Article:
There is growing concern that dominant companies use patents strategically to keep competitors from entering their market. This column uses the landmark 1956 Consent Decree against Bell Labs to explore whether antitrust enforcement is an effective remedy to the problem. Results show that patents can indeed be used as an entry barrier for start-up firms, and that the compulsory licensing of patents can foster market entry and innovation. However, compulsory licensing is found to be ineffective in markets where dominant firms have other means of market foreclosure.
The IMF has just released its self-evaluation of its Greek lending, in which it admits to many mistakes. This column and argues that the report misses one important error – reliance on the Debt Sustainability Analysis – but notes that the IMF’s candour should be a model for the other participants in the lending, namely, the European Commission and the ECB.
The substantial literature examining risk-sharing practices in rural villages in developing countries has typically taken the social institutions in these communities as given. Using data from India, this column challenges this assumption by showing how the costs and benefits of risk-sharing arrangements can shape these social institutions. The results suggest that the size and nature of these risk-sharing groups may evolve over time as their environment changes. Public policy to reduce consumption fluctuations can be counterproductive in the standard model because of a strong crowding-out effect.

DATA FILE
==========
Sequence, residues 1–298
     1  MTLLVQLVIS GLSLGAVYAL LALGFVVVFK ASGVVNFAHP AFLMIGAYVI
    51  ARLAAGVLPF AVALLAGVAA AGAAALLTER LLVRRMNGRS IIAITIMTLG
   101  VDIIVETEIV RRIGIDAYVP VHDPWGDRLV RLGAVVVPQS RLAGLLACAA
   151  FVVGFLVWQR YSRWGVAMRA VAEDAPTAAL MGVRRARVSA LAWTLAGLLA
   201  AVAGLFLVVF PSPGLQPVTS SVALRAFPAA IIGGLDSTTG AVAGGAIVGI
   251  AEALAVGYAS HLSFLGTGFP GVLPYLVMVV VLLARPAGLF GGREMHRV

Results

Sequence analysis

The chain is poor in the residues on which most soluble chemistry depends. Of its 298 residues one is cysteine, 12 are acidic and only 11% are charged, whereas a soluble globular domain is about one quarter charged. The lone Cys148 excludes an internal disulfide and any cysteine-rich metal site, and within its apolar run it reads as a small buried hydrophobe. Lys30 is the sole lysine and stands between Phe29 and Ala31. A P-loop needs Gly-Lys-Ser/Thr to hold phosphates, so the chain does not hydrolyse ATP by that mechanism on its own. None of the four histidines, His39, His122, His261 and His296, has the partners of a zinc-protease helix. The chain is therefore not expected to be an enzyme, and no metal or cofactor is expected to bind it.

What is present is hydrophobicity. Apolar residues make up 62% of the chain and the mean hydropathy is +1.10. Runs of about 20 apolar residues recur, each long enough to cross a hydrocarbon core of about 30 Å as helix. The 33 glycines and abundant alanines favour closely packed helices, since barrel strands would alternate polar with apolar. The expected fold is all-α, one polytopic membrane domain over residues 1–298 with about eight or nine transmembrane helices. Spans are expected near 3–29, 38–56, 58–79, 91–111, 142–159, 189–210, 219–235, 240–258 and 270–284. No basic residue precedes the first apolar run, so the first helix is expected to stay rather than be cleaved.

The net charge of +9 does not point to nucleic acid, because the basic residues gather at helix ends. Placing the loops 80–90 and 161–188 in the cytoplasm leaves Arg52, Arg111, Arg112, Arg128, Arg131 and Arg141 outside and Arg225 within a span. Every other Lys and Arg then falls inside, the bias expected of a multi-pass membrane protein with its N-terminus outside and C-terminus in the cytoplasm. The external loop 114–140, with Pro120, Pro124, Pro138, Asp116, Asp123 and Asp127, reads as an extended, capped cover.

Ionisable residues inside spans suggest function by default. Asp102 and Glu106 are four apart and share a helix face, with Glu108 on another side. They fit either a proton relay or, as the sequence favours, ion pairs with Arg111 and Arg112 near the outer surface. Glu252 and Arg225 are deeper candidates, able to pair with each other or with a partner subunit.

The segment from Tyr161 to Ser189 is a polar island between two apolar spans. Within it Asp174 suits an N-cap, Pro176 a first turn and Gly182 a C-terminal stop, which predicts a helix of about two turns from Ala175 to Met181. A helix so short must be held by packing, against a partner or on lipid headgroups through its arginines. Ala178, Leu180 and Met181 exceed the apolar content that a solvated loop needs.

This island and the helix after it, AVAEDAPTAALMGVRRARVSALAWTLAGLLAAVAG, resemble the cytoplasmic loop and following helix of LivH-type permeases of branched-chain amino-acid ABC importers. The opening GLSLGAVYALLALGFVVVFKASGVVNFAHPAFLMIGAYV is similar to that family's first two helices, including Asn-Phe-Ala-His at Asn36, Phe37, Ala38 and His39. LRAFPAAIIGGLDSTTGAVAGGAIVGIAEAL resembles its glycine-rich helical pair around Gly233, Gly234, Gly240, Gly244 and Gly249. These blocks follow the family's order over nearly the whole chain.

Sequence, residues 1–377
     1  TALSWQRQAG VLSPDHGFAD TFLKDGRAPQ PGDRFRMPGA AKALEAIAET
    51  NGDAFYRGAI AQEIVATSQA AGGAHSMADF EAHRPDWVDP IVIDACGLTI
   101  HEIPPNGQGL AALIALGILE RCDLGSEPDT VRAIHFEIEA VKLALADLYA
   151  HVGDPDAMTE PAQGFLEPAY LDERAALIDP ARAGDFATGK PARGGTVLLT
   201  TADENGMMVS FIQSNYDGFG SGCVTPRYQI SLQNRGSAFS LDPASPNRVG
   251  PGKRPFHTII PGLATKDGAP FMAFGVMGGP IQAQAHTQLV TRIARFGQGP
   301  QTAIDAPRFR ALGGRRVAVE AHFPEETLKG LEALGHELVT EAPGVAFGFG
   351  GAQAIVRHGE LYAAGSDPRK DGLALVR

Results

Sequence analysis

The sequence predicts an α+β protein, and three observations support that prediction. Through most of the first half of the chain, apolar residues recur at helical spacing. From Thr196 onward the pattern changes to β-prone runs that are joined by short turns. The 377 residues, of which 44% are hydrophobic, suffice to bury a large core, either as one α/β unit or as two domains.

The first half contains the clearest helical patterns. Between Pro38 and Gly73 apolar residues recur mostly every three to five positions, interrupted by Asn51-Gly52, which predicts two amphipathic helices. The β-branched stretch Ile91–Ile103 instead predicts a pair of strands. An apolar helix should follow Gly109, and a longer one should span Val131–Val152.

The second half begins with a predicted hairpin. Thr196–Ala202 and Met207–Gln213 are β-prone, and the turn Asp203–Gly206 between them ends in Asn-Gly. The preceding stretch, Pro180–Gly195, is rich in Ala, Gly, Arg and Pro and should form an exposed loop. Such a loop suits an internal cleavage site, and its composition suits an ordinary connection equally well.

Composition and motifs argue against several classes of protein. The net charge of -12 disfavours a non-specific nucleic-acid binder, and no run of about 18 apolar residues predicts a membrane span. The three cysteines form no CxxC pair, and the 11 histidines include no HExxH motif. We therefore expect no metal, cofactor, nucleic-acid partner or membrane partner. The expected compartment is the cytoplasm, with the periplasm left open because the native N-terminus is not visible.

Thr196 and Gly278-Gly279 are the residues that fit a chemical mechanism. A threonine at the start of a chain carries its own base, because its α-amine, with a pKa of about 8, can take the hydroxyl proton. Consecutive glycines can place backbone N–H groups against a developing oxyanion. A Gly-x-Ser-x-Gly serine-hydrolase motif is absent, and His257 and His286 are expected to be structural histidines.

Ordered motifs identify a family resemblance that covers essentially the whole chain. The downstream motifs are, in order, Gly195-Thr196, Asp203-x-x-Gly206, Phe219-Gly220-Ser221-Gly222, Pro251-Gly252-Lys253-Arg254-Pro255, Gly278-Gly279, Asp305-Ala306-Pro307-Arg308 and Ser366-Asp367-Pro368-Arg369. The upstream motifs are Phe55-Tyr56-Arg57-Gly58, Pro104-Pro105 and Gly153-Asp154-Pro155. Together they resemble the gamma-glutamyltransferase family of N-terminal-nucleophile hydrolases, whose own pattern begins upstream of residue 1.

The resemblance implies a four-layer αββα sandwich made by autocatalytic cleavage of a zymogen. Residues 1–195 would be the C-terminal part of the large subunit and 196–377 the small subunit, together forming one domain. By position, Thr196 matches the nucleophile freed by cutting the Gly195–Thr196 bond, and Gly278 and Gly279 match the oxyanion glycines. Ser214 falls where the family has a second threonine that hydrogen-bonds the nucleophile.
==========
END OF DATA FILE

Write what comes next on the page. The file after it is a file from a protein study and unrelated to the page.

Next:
From the US withdrawal from the TPP to the Brexit negotiations, the tide of trade policy is turning towards protectionism. This column outlines how this could create a vicious cycle of lower productivity and closed economies, and what Japan, as the world’s third largest economy, can do to prevent it. A combination of trade and investment liberalisation and inclusive policies will enable all citizens to enjoy the fruits of growth under globalisation.
The decline of manufacturing employment in industrialised countries has hit some cities hard. This column looks at perhaps the best-known case – Detroit – where residents have deserted the neighbourhoods closest to the central business district in favour of the suburbs, despite the longer commute. Redeveloping these areas requires coordination between multiple developers, residents, and the city governments that facilitate permits and public services. The authors propose the introduction of ‘development guarantees’ to ease the coordination problems.
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